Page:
I would consider it to be my dream come true to go on tour with David Foster, the legendary music producer. He's the songwriter/producer for Michael Bublé, Charice, Andrea Boccelli, Josh Groban. It's like Singers Showcase in a way: He had four or five famous artists on tour with him when he came to Boston, and they'd each do their one or two signature hit songs. The guitarist was there—just one guy—reading charts, changing guitars. The guitarist became Josh Groban's music director.
For film scoring my dream is just to work on a feature film as a composer. To be able to go home to Singapore, thousands of miles away, and just sit there in the theater with my family and friends and be like, I did that.
I don't know how compatible these things are. I went to L.A. and it made me realize that Berklee is truly one of a kind. When you get out there you can only do one thing—one and a half, maybe—but not to the extent that I've managed to juggle it here.
What did you do before Berklee?
I played in a rock band back home, and we won a competition that flew us to Hong Kong to play. That was a good experience. I played a bunch of shows, opened for some bands that came to town, but back home it's hard to do original English music. You either do session work for the Chinese music industry, which is huge around the region, or you do classical music, and there's a small niche for jazz. We're an English-speaking country, but the English market isn't as happening. Most people just want to hear American musicians, like John Mayer or Jason Mraz.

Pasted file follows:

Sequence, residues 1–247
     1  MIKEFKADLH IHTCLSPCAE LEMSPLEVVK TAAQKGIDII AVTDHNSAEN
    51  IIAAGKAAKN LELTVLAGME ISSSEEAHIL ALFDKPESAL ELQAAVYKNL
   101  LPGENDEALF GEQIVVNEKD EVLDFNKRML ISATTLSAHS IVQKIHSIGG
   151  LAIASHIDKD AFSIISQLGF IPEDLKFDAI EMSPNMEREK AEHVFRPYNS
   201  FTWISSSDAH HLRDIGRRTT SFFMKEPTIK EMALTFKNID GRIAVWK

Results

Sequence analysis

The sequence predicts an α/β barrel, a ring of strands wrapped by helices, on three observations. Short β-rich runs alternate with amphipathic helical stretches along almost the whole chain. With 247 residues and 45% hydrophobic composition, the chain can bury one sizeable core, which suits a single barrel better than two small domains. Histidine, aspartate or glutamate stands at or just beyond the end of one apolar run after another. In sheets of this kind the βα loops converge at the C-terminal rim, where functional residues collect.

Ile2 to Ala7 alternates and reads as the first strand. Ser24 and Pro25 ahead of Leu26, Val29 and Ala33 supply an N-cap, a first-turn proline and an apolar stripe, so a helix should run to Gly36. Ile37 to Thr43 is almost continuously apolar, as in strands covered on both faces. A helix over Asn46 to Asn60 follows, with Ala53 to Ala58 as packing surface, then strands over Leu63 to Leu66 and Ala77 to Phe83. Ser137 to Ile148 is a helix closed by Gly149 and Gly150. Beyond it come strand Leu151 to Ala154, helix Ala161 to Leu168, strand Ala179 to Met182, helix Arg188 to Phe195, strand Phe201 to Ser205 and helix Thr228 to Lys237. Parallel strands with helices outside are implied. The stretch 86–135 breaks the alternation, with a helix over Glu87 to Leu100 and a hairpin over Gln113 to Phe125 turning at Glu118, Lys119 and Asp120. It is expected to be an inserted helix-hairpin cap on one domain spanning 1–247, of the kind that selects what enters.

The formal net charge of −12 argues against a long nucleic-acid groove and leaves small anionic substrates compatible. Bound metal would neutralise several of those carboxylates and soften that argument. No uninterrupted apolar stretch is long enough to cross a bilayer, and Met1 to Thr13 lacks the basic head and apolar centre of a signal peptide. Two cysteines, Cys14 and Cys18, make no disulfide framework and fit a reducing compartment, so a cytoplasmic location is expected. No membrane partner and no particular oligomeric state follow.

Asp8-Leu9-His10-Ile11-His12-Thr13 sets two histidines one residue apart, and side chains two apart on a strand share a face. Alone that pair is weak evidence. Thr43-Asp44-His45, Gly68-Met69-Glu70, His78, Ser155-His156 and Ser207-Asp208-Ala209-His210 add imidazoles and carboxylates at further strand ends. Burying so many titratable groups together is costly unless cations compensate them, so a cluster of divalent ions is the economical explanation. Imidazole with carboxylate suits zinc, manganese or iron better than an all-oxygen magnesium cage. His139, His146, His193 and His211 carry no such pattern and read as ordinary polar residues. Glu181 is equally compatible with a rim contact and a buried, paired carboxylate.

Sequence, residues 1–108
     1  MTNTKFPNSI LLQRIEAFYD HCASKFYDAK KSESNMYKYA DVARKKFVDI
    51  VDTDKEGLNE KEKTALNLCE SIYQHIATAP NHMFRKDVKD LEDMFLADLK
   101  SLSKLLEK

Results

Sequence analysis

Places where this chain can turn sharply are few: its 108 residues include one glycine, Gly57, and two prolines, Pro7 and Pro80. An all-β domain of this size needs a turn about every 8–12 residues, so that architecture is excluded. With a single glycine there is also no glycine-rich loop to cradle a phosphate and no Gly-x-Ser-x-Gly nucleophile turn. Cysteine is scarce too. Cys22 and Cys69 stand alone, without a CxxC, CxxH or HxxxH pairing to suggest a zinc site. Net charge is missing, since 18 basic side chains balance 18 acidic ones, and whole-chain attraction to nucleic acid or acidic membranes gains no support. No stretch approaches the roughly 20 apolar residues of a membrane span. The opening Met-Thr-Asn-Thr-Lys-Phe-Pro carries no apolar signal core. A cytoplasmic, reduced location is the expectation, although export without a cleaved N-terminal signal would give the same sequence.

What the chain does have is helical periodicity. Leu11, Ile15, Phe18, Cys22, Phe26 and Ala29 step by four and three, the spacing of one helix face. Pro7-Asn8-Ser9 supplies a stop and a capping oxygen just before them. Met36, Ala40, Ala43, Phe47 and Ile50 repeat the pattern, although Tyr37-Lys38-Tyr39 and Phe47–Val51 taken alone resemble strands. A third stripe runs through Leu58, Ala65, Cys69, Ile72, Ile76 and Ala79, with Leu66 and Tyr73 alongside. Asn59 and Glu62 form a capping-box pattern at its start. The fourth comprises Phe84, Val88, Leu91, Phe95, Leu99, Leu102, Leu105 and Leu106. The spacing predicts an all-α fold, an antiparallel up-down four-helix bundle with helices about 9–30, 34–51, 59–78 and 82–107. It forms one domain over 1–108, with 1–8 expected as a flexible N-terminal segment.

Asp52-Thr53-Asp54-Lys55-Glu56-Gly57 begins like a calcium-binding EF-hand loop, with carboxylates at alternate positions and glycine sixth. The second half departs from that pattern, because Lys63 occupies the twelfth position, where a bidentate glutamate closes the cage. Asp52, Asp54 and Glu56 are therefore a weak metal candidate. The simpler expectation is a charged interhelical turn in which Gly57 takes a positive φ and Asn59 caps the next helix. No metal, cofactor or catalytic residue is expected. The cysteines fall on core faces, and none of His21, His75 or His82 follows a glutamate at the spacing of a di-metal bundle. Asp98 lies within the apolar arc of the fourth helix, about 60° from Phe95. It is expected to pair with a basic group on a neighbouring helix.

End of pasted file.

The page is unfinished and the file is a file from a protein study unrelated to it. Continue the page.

Any advice for other international students?
It's not easy being an international student. People have told me Asian people just don't have soul; it's very clinical, very classical, very perfect. I think it's not easy for people to trust you with their music, but they will if you're patient and work hard and learn. I feel like I've made so many more connections and gotten so many more playing opportunities just because of my willingness to play a supporting role.
I would say to entering international students, just don't be afraid. Go out there. People may not talk to you at first, but if you're reliable and humble, I think doors will open. In terms of music, just be open minded to all kinds of different styles and just really learn the language and the culture.
Tell me a little more about the live film score at the Coolidge.
I'm in the practicum class directed by Sheldon Mirowitz. We're replacing the original piano score of a film from the 1930s. Sheldon is the composer and we're kind of like his ghost writers. In that way, it's probably the most realistic film scoring class at Berklee. He writes three or four themes, for things to be cohesive, and each of us write eight to twelve minutes of music in the style, kind of ragtimish. Then we bring it into class every week, he critiques it, and we rewrite until it becomes one continuous piece. The final exam is a public performance at Coolidge Corner Theater, and each of us will take turns conducting.